As I often see the question asked ‘what type of dog is the best for canicrossing?’ I thought I’d write a short blog on it. Firstly I’d like to point out this is not a scientific or fact based blog, simply my own thoughts and views on what type of dog makes a good canicross dog.
For a bit of background, I started in the sports of canicross, bikejor and dog scootering with my dogs not because I liked the sports and particularly wanted to take them up as a hobby, quite the opposite is in fact true. I didn’t even like running and hadn’t been on a bike since I was a child, but I have grown to love the sports because of the bond it has helped me create with my dogs.
The first time I came across canicross, I found a race through Cani-X which was in my area, a friend had mentioned it and so I looked it up and started a bit of training at home with my dogs to make sure I could cover the distance. Not once did it ever cross my mind that there might be a type of dog more suited for canicross. I was perfectly comfortable with the fact my dogs just loved running. For me, I was finding a great new way to keep my two rescue collie crosses exercised.
I attended my first race and from that point on was hooked. What struck me as being one of the best things about the sport of canicross, was the variety of breeds involved and how inclusive it was. I genuinely had no expectations when I turned up but realised very quickly this was something anyone could do if their dog wanted to run with them. I also observed that the winners of the classes didn’t just have big dogs and I remember in particular one competitor who ran with both a small dog and large dog in the two dog canicross, the little dog working just as hard as the big one and keeping pace.
Now I have been involved in racing for a number of years and I have seen and taken part in, some of the biggest competitions in Europe, I am wiser about the types of dog which excel at canicross, bikejor and scootering. Traditionally it has always been the job of the sled dog breeds, so the huskies, malamutes and many other types of ‘pulling’ working dogs to be used, but now there is a trend to use hound types for what is known as ‘dry-land’ racing and more specifically what I do, which is known as the ‘mono-sports’ (canicross, bikejor and dog scootering) because you can participate with one dog alone.
Many of the top European canicross competitors use hound crosses (usually with some type of pointer and some element of sled dog) and these dogs have developed their own pedigree based on their athleticism and ability to cover the ground with much larger strides than the traditional sled dogs. Their popularity is largely down to the fact these dogs excel at covering the sprint distances in the much warmer temperatures we experience in Europe for most of the year. These dogs are undoubtedly ‘built for purpose’ and are incredible to watch.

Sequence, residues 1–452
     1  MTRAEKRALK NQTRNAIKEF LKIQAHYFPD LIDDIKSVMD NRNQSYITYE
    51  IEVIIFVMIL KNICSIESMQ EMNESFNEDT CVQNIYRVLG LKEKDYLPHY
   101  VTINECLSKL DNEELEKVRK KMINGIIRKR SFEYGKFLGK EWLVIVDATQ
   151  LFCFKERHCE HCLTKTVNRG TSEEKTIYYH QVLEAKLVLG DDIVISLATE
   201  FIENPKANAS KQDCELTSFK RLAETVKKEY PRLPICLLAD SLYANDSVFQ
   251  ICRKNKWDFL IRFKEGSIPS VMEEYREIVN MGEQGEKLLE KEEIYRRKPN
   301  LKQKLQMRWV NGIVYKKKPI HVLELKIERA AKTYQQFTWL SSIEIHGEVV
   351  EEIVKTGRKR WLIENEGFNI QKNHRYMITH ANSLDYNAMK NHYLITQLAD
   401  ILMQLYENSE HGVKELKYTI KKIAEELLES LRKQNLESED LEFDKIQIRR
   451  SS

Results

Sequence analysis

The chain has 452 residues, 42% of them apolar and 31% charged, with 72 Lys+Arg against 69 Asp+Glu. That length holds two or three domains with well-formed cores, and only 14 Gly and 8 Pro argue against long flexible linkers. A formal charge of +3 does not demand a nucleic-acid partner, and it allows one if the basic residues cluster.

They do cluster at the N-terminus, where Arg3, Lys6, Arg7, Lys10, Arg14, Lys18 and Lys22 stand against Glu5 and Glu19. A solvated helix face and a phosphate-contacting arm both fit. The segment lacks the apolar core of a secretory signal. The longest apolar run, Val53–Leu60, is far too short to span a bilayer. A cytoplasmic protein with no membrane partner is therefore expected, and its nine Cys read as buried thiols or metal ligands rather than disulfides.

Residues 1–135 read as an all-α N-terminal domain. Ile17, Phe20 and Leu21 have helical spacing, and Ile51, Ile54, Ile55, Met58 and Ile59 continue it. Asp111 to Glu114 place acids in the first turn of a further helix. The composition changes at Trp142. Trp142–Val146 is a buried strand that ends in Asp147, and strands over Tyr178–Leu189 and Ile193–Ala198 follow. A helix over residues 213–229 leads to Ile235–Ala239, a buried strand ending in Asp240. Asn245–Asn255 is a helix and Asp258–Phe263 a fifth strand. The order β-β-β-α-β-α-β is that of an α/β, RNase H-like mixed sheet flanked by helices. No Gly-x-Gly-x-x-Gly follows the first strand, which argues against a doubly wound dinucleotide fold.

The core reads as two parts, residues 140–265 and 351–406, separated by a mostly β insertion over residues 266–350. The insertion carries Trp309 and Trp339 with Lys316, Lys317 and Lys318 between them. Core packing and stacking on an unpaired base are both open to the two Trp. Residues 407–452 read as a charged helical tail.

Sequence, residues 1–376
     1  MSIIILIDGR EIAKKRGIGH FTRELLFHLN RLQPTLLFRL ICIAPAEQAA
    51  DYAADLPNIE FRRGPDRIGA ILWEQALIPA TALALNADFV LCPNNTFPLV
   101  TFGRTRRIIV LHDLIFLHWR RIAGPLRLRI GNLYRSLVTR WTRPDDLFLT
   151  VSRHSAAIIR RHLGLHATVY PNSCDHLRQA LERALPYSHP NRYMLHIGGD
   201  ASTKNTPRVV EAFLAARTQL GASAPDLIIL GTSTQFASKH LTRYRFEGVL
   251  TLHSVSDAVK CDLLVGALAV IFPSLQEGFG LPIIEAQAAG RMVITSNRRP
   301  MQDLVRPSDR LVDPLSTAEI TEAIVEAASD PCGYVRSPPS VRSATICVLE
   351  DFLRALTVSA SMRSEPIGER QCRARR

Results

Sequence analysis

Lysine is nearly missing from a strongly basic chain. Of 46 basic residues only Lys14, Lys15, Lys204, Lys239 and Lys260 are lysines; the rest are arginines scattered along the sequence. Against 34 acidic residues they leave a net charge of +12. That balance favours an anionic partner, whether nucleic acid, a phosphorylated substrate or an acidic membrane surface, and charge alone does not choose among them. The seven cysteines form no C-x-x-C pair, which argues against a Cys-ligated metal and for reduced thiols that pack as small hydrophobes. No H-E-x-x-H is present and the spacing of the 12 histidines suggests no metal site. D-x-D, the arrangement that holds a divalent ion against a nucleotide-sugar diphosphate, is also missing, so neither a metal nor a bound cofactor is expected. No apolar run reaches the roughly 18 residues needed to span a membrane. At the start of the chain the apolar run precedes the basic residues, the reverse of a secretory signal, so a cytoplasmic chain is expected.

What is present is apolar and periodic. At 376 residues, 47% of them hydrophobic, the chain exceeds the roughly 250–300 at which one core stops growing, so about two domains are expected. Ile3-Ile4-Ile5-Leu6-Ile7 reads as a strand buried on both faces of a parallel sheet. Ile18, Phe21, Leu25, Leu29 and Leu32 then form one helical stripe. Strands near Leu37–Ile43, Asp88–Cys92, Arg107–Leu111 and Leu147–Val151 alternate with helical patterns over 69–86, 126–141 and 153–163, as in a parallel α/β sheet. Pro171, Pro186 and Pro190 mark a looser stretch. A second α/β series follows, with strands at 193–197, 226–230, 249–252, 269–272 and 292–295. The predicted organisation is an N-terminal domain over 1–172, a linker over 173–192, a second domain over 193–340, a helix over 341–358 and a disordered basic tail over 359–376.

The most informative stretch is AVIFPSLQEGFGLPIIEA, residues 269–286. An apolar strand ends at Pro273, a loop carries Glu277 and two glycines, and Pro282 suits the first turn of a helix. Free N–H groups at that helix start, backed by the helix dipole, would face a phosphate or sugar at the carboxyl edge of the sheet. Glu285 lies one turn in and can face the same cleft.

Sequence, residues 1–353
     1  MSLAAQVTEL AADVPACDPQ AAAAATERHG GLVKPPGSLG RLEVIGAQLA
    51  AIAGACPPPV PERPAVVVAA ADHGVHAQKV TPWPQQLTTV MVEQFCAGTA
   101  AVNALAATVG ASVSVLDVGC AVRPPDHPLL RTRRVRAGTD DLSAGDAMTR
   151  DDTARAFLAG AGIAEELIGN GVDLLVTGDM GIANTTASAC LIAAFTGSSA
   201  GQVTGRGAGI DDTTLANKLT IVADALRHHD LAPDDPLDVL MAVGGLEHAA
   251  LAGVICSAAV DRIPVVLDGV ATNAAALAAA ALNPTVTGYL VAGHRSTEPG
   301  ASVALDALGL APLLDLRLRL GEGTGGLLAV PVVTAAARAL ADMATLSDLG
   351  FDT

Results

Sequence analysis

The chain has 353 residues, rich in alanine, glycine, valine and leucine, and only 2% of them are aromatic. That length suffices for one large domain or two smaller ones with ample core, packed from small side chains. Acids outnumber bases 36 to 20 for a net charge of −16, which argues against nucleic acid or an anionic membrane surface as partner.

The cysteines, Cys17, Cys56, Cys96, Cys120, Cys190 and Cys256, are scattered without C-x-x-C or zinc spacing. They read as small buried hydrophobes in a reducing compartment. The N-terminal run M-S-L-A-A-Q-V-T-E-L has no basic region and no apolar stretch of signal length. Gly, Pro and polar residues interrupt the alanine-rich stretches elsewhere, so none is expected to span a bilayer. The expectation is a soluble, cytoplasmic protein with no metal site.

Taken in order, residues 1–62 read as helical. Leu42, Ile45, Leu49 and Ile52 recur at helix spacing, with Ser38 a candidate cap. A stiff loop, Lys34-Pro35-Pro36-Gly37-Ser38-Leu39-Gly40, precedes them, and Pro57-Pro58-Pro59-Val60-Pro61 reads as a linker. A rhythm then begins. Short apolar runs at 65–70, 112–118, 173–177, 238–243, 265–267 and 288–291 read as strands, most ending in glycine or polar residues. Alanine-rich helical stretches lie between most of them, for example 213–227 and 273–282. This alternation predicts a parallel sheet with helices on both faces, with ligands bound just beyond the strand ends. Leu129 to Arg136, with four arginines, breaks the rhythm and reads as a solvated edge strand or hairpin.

So if you are serious about the sports and competing at a European and International level you may feel you need a dog of this type to be able to compete in a level playing field. My personal opinion is however, that any breed of dog with good basic genetic conformation and no obvious limiting breed traits (ie, the short nosed breeds who may struggle getting enough air in their lungs for the sports) with a passion for running, can achieve just as much if the person training and running with them also has the athleticism and ability to allow the dog to run to its full potential.
What you have to remember is that unless you are going to keep dogs for the sole purpose of canicross, bikejor or scooter racing, they also have to fit into your lifestyle and be a dog you can live with day to day, in addition to the fun you will have taking part in the sports. Unfortunately there are far too many dogs in rescue in the UK and a worrying amount of them are now sled dog breeds because people think they look gorgeous (which they do) but don’t understand the characteristics of the breed and can’t cater for them around every day life. It is much more sensible to choose a dog for your lifestyle and then train together to enjoy the sports, than to take on something you may not necessarily be able to cope with because you think they will make a better running companion.
In summary, with canicross, bikejor and dog scootering in the UK and Europe being open to all breeds of dog, my opinion on what makes the best running dog is that your dog makes the best running dog! The best dog teams I have seen competing are those based on a strong bond that has been built by the handler with their dog over time and I have seen seemingly very small dogs, running their hearts out because they have the drive and motivation to work for their owner.